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US Department of Education opens investigation into claims UVa retaliated against disabled student

The U.S. Department of Education’s Office for Civil Rights has launched an investigation into claims that faculty at the University of Virginia retaliated against a disabled graduate student after he filed and won a housing discrimination case against UVa last year.

Weston Allen, a UVa Wise alumnus and a student in UVa’s counselor education program, said that after filing his complaint he’s been “forced” onto a Student Success Plan, “hassled” by his academic adviser and told his “personal issues” are a threat to his coursework.

Allen filed a retaliation claim against the university with the Office for Civil Rights on April 19. He told The Daily Progress that the office agreed to open an investigation into his claims exactly one week later.

“I want to stop being told that some aspect of my disability is causing problems with my work,” Allen told The Daily Progress. “I’ve been degraded. I want that to stop. I want to be treated fairly.”

Allen said he has not heard from anyone at the university, including his academic adviser who is expected to help him reenroll for the 2023-2024 academic year, other than a “dismissive” email from UVa counsel dated March 28 denying his claims of retaliation.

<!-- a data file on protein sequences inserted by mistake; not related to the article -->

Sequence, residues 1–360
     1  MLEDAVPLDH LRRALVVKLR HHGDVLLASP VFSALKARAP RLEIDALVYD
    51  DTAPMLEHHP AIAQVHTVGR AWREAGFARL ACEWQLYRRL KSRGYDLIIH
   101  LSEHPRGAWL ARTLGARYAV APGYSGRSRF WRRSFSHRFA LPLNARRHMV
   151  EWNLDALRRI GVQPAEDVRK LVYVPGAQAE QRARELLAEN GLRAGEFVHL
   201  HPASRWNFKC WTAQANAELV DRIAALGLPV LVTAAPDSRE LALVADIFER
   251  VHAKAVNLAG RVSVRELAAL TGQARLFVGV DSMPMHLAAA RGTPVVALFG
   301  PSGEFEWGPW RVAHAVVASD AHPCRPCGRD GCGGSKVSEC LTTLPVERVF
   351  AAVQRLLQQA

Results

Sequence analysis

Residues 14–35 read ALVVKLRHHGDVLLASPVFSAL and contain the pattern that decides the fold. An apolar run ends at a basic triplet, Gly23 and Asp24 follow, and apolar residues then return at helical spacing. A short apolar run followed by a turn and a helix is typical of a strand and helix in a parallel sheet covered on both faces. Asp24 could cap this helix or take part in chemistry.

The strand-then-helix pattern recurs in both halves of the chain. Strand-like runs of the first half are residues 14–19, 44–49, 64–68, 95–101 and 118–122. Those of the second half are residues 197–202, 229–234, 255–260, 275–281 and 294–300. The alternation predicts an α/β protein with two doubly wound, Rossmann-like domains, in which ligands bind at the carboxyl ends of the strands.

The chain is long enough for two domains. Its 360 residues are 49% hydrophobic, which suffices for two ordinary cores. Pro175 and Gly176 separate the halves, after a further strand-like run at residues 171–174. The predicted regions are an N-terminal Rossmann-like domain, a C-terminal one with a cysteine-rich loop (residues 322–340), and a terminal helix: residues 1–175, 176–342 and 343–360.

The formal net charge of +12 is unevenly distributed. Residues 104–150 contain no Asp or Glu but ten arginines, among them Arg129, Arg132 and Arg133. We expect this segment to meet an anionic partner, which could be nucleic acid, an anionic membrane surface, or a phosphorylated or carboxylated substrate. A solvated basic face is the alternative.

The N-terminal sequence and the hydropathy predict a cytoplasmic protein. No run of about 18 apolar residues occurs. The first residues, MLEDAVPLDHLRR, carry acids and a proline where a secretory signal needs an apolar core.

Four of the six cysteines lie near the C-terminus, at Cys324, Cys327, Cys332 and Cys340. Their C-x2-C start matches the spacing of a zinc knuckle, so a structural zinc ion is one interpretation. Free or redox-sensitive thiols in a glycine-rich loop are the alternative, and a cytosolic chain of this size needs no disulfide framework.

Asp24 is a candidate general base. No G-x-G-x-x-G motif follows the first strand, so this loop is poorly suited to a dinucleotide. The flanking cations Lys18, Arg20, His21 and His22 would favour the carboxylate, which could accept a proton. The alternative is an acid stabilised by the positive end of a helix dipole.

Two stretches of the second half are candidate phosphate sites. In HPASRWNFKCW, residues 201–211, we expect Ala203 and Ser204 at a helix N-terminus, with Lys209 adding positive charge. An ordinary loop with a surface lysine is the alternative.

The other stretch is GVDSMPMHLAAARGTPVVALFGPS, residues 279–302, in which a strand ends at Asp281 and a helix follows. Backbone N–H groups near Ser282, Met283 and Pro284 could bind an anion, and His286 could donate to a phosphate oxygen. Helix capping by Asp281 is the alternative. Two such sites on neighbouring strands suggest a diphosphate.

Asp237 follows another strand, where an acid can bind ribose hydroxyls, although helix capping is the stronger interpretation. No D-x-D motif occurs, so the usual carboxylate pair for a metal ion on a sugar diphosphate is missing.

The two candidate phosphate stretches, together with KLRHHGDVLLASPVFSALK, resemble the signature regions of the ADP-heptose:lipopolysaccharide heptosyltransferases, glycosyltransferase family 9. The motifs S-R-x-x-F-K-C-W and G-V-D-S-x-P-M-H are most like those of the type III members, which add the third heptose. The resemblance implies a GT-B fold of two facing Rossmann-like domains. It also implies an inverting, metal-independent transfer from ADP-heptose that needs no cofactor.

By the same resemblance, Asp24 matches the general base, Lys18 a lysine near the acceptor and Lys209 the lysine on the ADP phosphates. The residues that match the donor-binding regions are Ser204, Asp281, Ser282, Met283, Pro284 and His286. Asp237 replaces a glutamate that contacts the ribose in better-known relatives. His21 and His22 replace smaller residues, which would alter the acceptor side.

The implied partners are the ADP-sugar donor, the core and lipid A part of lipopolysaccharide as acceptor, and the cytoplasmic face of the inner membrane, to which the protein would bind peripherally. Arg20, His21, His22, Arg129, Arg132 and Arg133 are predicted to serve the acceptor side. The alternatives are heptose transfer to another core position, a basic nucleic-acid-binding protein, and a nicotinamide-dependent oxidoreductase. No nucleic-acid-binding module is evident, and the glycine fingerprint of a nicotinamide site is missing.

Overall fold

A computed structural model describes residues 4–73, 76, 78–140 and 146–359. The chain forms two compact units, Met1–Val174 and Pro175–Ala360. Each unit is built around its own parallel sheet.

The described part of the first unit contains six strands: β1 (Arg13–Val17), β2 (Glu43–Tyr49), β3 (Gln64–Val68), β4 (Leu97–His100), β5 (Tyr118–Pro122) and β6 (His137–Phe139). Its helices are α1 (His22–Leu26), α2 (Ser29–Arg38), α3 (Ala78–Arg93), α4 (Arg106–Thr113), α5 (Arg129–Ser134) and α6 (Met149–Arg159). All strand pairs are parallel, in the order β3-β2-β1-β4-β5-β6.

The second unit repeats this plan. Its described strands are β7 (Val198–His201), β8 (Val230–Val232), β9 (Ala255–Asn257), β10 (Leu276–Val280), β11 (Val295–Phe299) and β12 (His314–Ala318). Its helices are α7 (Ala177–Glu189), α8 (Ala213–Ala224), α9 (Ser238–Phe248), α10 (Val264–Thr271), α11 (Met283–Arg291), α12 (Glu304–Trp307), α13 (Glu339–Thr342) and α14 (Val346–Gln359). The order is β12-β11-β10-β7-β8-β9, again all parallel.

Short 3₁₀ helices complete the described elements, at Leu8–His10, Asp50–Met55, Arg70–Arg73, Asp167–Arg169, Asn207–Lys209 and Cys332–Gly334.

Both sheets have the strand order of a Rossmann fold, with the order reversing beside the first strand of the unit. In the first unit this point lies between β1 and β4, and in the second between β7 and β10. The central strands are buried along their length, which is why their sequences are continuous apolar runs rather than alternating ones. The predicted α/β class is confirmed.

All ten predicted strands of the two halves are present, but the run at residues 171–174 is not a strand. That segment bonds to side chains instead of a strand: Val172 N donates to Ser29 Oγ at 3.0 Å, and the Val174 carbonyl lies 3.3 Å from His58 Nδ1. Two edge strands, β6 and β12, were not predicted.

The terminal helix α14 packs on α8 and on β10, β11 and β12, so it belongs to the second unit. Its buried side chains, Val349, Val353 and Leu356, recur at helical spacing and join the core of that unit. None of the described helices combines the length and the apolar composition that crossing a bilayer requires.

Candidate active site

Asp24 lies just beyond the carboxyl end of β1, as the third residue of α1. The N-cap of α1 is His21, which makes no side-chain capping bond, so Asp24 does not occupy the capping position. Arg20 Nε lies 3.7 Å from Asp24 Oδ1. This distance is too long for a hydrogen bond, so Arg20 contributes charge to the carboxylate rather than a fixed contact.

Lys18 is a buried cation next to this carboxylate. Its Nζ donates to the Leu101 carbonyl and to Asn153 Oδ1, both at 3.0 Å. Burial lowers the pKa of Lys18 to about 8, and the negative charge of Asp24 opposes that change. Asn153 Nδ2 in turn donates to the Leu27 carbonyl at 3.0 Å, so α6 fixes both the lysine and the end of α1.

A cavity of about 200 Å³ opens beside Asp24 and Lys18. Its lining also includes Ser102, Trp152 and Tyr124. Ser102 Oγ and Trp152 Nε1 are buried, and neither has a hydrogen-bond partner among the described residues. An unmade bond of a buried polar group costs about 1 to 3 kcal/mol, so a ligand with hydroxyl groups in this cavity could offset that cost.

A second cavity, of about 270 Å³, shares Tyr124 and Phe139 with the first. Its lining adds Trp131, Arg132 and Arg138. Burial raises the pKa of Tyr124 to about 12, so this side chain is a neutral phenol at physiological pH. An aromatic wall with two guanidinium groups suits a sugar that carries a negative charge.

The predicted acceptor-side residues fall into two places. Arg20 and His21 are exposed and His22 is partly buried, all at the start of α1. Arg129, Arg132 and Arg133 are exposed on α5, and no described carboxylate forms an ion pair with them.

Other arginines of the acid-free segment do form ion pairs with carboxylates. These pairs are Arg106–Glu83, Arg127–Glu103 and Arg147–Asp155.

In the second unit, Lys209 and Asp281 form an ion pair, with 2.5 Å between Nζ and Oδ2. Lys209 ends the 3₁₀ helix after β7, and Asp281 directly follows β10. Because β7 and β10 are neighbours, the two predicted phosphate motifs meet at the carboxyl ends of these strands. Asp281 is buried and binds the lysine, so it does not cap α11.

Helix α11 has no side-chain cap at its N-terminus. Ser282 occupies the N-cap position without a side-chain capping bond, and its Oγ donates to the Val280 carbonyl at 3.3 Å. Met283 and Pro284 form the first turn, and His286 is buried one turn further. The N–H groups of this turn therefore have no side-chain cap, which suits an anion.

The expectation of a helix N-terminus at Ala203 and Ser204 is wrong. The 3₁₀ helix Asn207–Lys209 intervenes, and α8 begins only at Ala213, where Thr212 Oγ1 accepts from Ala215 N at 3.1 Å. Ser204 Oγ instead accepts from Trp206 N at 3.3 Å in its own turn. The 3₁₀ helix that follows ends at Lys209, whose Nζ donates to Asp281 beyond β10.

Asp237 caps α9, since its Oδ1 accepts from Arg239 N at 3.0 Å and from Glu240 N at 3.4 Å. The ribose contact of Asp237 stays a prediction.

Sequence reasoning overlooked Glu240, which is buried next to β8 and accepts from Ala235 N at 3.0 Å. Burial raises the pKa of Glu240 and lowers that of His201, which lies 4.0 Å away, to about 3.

That email arrived the same day that Allen received a check totaling more than $2,000 for reimbursed housing expenses that UVa was ordered to pay him as part of his original complaint filed with the Office for Civil Rights. That check was four months late and only arrived after The Daily Progress first reported on Allen’s case on March 25.

The university has outright denied that its faculty has retaliated against Allen in any way.

UVa is devoted “to creating conditions where every student can succeed inside and outside the classroom,” spokesman Brian Coy told The Daily Progress in a statement, and “reject[s] any insinuation that University faculty would somehow retaliate against a student in response to a complaint about housing accommodations, which are handled in a totally separate division of the University.”

Pressed on the Student Success Plan that Allen claims unfairly attacked his academic performance and that he was “forced” to sign, Coy directed The Daily Progress to the March 28 email the university’s counsel sent to Allen and his attorney.